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Compute the integral $$\iint_S \sin{y}\, dS$$ where S is the part of the surface $x^2 + z^2 = \cos^2 y $ lying between the planes $y = 0$ and $y = \pi/2$.

The only way I can see of doing this is to parameterize the surface, using $x$ and $z$ as the parameters, and solving this as a normal surface integral. However, that results in a pretty convoluted integral:

$$\iint_D\frac{1-x^2-z^2}{1+x^2+z^2}\,dx\,dz$$

Either I'm doing something wrong, or there's some sort of simplification that I'm not recognizing. Any hints?

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Switch to (modified) cylindrical coordinates: $x=r\cos(t)$, $y=y$ and $z=r\sin(t)$. Then your surface becomes: $r^2=\cos^2(y)$.

Notice that when $0 \leq y \leq \pi/2$, $\cos(y)$ is positive so you can take the square root of the above equation and get: $r=\cos(y)$.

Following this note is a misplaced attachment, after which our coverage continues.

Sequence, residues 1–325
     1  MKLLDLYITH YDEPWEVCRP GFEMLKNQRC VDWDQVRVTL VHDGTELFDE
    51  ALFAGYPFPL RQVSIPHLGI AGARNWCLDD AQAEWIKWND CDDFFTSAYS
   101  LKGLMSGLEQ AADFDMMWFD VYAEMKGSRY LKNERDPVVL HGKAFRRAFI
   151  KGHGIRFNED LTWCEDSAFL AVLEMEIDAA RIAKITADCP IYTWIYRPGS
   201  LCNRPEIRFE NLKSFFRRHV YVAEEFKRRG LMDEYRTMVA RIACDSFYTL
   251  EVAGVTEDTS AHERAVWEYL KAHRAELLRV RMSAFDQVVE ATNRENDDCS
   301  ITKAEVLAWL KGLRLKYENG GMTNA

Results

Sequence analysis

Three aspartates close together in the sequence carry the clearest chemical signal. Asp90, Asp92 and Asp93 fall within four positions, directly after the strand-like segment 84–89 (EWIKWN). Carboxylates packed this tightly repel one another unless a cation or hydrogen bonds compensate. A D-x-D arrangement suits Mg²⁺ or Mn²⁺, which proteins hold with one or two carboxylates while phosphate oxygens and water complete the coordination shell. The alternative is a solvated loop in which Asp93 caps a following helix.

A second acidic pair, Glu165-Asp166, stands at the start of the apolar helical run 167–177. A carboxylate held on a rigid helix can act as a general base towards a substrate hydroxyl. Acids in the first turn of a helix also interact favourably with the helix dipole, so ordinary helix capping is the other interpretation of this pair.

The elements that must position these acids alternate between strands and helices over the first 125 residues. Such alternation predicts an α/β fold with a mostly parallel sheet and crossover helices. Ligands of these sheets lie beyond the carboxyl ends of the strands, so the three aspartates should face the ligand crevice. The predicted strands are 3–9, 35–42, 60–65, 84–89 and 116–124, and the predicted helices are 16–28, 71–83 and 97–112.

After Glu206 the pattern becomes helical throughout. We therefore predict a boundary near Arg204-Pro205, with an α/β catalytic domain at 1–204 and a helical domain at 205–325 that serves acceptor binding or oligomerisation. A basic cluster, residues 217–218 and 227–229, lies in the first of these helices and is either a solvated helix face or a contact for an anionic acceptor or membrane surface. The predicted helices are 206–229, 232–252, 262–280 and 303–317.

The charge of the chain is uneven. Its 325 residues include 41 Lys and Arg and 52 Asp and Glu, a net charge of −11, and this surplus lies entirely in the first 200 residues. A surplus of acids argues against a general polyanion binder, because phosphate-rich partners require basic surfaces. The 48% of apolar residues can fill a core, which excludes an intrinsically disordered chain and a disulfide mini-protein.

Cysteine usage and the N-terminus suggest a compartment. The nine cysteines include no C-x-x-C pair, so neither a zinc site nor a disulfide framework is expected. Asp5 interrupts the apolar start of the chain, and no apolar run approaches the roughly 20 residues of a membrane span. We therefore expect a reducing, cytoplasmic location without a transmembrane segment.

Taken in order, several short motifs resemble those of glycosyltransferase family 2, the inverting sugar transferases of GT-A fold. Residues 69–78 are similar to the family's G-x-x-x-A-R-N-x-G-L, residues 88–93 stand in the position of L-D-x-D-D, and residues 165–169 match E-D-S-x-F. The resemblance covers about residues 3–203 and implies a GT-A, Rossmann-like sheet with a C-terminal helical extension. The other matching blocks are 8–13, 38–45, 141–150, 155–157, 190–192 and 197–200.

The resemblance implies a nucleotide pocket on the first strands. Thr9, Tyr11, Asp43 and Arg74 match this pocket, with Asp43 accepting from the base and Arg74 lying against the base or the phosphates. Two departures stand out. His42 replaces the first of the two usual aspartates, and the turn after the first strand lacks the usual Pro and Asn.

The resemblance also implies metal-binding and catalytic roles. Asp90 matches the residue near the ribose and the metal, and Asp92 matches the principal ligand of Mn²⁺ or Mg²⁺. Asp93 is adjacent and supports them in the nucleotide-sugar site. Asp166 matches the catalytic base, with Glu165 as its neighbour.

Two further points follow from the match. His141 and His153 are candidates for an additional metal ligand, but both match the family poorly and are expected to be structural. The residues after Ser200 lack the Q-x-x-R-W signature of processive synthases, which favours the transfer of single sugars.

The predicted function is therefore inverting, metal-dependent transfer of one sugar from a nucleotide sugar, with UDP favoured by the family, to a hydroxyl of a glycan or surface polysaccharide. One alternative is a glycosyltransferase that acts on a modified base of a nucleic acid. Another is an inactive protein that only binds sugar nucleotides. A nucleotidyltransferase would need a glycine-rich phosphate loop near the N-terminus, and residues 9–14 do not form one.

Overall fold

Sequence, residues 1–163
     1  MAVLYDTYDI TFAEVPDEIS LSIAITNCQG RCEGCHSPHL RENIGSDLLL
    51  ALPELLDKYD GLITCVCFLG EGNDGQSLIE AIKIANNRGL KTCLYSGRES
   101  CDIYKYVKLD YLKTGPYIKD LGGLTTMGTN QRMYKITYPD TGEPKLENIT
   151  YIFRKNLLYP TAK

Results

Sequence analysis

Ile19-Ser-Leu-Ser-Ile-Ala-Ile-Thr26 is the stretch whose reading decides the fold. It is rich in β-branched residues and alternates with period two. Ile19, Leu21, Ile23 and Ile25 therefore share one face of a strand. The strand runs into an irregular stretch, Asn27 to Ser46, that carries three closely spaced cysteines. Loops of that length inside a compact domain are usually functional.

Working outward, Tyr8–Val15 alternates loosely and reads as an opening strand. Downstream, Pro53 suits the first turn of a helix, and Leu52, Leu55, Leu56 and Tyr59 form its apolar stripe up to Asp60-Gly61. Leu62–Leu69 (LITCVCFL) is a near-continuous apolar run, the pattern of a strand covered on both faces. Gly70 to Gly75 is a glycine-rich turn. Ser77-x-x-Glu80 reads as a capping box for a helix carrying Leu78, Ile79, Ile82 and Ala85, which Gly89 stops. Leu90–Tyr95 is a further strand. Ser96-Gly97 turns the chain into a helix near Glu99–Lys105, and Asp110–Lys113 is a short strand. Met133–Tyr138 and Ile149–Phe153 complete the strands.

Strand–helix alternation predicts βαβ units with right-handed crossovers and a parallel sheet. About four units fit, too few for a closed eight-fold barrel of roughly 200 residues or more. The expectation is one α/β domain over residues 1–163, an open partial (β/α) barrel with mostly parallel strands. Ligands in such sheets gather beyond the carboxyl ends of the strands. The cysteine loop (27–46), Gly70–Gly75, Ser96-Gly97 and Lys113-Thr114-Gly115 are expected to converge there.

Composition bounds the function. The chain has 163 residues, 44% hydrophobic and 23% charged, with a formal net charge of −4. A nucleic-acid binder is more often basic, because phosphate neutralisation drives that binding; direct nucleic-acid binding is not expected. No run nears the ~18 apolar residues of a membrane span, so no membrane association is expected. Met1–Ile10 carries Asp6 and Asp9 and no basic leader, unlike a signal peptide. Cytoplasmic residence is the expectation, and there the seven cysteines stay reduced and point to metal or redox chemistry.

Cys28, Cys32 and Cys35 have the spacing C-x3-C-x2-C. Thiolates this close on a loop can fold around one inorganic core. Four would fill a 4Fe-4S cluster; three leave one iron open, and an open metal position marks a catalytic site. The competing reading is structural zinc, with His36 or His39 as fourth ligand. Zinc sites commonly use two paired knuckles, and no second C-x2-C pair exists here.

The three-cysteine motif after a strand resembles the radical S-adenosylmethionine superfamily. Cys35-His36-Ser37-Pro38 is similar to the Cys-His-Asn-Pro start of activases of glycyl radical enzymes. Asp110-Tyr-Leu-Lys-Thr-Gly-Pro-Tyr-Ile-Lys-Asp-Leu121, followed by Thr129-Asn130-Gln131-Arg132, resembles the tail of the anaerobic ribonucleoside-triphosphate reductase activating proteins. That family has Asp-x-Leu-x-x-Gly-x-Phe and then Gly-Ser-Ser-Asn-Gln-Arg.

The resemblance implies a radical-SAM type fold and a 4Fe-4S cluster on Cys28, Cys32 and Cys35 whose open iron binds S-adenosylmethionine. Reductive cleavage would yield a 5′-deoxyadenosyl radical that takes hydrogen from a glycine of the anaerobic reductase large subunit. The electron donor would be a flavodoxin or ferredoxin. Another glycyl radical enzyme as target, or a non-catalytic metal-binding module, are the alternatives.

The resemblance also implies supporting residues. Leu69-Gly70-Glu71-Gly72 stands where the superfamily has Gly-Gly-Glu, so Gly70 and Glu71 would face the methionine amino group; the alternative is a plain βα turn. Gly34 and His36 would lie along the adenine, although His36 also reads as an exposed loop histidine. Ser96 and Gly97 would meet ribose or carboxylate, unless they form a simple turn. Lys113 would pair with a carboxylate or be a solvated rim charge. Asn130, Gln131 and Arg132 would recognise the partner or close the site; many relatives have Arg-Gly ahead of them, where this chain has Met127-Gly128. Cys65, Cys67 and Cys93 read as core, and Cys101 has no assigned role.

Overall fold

Parameterize using $t$ and $y$ as parameters: $$X(t,y)=\langle \cos(y)\cos(t), y , \cos(y)\sin(t) \rangle$$ since $r=\cos(y)$. Here, $0\leq t \leq 2\pi$ and $0 \leq y \leq \pi/2$.

Now $X_t = \langle -\cos(y)\sin(t),0, \cos(y)\cos(t) \rangle$ and $X_y = \langle -\sin(y)\cos(t),1, -\sin(y)\sin(t) \rangle$ whose cross product is: $X_t \times X_y = \langle \cos(y)\cos(t),\sin(y)\cos(y), \cos(y)\sin(t) \rangle$ and so $dS = |X_t \times X_y|\,dy\,dt = \cos(y)\sqrt{1+\sin^2(y)}\,dy\,dt$

Thus your surface integral becomes $$\int_0^{2\pi}\int_0^{\pi/2}\sin(y)\sqrt{1+\sin^2(y)}\cos(y)\,dy\,dt$$

$u$-sub with $u=\sin(y)$ and $du=\cos(y)\,dy$ then to integrate $u\sqrt{1+u^2}$ sub again $w=1+u^2$ and $dw=2u\,du$.

You take it from there. :)

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  • $\begingroup$ Aha... a very interesting observation. Pretty strange because it seems like we're converting it to a three-variable form, but it can be simplified down to two variables. $\endgroup$ – Gummy bears Apr 22 at 3:07
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    $\begingroup$ Most "good" parameterizations come from restricting a coordinate system defined on the whole space. $\endgroup$ – Bill Cook Apr 22 at 3:24

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